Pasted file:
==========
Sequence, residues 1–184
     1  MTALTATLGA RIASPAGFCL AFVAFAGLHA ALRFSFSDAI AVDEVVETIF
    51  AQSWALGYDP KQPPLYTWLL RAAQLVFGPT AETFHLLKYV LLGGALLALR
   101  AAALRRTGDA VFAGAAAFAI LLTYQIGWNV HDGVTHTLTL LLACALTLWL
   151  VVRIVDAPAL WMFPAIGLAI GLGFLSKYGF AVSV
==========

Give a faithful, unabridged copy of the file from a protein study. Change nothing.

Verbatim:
Sequence, residues 1–184
     1  MTALTATLGA RIASPAGFCL AFVAFAGLHA ALRFSFSDAI AVDEVVETIF
    51  AQSWALGYDP KQPPLYTWLL RAAQLVFGPT AETFHLLKYV LLGGALLALR
   101  AAALRRTGDA VFAGAAAFAI LLTYQIGWNV HDGVTHTLTL LLACALTLWL
   151  VVRIVDAPAL WMFPAIGLAI GLGFLSKYGF AVSV